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Peeing water.

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Oh, so that's what that is.

I've bought Paul Bergner's - actually the NAIMH's - Actions and Formulations -CD set.

It's all about the physiomedicalist approach.

And I've been idly listening through the first few CDs over the last few days.

And on CD 3, under "Effects on moisture", Paul says:
"For dryness. (...) you're dry and thirsty and you drink a glass of water and you pee out a glass of water three minutes later. That's dry."


And he says that demulcents help. Such as mallow teas and the like.

I've always put that down to kidney deficiency (which is true to Michael Moore's energetics), where kidney strenghteners help. Which of course also is true, for that paradigm.

But that'd explain why I don't like to drink herbal teas all that much, myself. Most of the ones I have are astringent (like the nettle - raspberry leaf - peppermint - fireweed leaf combo I've been drinking lately), and astringents are always drying. I'll add mallow leaf to my herbal teas and see if I like them better ...

... course, mallow leaf adds "body" to herbal teas, making them sorta kinda nicer-tasting. To me. Which I'll just note under "things that make me go hmmm.".

Anyway, learn something new every day.


man, i keep reading this post over and over and i just am not clear on what you mean. obviously i should get the cds for more context, but - if you have time, i'd love to have just a little more context about "dryness" in this sense. i DO like to drink tea - gallons of it - but i just keep reading this and thinking that if i understood it fully, i'd go "hmmm" too.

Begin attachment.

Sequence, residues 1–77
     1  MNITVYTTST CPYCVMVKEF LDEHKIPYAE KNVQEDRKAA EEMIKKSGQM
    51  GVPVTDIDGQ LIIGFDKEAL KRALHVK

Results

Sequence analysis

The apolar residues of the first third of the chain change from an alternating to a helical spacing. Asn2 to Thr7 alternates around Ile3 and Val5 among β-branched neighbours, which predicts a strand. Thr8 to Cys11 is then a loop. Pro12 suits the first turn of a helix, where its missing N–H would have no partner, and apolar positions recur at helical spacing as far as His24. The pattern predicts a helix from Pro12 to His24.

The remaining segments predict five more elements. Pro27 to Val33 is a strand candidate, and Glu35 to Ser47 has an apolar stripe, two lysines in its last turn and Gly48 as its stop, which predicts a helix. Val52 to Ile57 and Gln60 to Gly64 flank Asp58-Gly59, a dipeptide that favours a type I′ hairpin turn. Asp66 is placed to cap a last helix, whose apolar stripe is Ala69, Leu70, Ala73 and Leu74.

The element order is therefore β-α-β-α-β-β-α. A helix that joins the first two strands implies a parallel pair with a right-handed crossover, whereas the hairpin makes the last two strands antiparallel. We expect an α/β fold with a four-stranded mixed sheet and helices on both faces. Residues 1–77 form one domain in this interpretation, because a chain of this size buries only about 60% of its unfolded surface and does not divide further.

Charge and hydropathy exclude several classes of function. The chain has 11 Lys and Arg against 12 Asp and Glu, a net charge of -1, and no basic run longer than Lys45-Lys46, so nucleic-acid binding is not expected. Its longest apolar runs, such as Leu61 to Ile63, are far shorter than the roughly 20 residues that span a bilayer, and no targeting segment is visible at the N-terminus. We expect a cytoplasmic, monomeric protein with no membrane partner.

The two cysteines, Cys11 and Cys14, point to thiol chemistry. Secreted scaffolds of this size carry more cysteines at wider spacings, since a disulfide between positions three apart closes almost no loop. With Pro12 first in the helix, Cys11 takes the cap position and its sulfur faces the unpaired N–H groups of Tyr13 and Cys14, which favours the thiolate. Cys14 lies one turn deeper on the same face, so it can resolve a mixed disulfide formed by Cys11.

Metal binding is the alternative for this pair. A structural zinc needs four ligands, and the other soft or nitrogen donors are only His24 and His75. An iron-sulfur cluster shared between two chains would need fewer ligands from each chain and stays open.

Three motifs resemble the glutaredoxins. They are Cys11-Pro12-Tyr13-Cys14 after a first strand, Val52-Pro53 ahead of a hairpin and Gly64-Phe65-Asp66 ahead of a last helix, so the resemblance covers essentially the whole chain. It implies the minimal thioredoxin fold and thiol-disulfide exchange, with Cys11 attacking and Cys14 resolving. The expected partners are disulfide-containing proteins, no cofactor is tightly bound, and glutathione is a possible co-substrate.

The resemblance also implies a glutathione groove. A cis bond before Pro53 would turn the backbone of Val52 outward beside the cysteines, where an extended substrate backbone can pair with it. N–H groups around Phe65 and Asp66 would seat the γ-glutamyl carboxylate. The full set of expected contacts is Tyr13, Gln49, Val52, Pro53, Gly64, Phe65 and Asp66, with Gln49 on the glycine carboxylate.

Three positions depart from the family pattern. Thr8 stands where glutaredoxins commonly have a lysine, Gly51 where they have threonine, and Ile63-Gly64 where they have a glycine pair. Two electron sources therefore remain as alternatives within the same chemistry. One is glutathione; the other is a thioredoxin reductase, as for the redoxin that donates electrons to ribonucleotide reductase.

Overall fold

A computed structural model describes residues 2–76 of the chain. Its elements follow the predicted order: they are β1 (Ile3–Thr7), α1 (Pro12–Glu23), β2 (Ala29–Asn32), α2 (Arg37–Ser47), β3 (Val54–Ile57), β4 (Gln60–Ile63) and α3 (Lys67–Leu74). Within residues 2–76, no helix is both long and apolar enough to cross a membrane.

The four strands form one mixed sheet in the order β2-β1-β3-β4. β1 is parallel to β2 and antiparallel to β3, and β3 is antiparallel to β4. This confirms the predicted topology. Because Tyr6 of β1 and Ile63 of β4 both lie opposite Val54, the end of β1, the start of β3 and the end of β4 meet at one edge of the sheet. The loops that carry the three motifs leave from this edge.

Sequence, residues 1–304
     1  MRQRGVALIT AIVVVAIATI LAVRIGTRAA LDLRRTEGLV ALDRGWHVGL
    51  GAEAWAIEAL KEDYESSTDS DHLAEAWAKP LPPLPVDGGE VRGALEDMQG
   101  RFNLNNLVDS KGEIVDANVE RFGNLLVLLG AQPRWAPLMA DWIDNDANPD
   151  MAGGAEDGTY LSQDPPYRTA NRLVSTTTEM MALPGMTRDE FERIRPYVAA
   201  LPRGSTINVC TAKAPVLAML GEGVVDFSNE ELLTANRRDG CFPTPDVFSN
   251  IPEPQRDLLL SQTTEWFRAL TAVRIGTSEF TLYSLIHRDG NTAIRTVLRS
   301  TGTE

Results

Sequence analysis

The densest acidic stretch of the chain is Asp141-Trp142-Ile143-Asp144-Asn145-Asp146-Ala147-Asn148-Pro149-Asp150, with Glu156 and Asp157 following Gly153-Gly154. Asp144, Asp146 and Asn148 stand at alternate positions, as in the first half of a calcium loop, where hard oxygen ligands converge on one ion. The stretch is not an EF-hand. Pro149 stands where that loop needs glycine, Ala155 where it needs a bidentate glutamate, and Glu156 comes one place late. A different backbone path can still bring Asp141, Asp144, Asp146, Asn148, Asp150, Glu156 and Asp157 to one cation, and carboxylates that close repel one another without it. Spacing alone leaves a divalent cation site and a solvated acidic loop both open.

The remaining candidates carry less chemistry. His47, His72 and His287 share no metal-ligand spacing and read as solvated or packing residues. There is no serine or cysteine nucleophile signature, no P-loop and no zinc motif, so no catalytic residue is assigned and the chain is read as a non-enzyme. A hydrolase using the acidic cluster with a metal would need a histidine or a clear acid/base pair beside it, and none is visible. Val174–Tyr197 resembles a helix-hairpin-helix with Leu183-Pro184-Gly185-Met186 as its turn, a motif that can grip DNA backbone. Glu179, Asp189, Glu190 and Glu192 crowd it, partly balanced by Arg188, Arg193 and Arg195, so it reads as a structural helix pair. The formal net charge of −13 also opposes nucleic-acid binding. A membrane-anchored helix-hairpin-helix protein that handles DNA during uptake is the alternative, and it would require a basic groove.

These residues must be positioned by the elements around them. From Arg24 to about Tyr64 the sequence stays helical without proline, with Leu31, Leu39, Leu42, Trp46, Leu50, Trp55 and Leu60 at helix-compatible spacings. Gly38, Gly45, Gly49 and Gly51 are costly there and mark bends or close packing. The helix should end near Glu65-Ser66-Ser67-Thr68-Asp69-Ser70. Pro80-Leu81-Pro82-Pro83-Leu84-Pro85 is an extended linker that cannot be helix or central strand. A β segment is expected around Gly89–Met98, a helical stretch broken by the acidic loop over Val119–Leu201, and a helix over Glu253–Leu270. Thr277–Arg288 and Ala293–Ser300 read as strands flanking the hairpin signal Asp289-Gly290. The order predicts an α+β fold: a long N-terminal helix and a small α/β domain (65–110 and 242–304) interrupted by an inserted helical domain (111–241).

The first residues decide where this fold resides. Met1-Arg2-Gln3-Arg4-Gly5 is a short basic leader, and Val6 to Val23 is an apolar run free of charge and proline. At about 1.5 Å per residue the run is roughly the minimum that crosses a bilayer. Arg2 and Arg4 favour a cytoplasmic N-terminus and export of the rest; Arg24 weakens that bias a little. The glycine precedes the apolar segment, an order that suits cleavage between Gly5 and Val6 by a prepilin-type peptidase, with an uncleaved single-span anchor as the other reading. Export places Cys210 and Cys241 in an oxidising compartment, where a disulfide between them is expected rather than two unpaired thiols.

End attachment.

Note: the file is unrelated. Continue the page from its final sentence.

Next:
Most old medical systems have four humors, most of them include dry and moist and hot and cold.

"Dry", in this particular context, is peeing mostly water soon after you've drunk pretty much anything at all. And demulcents (like mallows, or slippery elm) make things more "moist", so you pee less, and not just water.

Licorice root is also moistening in this paradigm, and, what a coincidence, licorice is one of the kidney-heating herbs in Michael Moore's energetics. As are most of the adaptogens. Which in that paradigm help for peeing mostly water and not being able to handle heat, cos you don't have enough liquid to sweat things out, at all at all.

So things fit together, if you squint a bit.

(And completely unrelated to this: if you're thirsty all the time check for diabetes.)

thanks - that was just what i needed. [my obsession for gallons of tea is more because it keeps me warm than that i'm thirsty! but i think overall i have a little too much dry, which is why i was so interested. prolly wouldn't hurt to add some mallow or licorice in.]

Henriette: What a great post. Don't know how I missed it last fall. Anyway...I am still trying to wrap my head around some of this stuff. Maybe I am a reincarnated physiomedicalist, because I understand what Paul is saying about "dryness." The part I have never wrapped my head around is M.Moore's energetics. So when he says something is "kidney-warming" (or "liver-warming" or "whatever-warming")...I think he means it will increase/stimulate the function of that organ or system? (...rather than simply heating it up...?)

So I have been having some adrenal exhaustion with my peri-menopause and some reduced kidney function since a bout with heat exhaustion two summers ago, and thinking a lot about my kidneys. This all comes together when you mention licorice or other adaptogens that MM says are "kidney-warming." You see, the TCM system would say that I need to build kidney YIN, which would be "cooling" ...but MM says to use "kidney-warming" herbs (I think). So I am just seeing this all in a different light, the kidney-warming things are increasing function. Yikes. Am I getting it right yet? ;-)

Yes, he talks about the organs, not the person.

Substitute "lazy" for "cold" and "overactive" for "hot" in Michael's organ energetics, and substitute "kick it" (or "speed it up") for heating and "slow it down" for cooling, and you won't confuse things with the physiomedicalist, the TCM, or other traditional terms.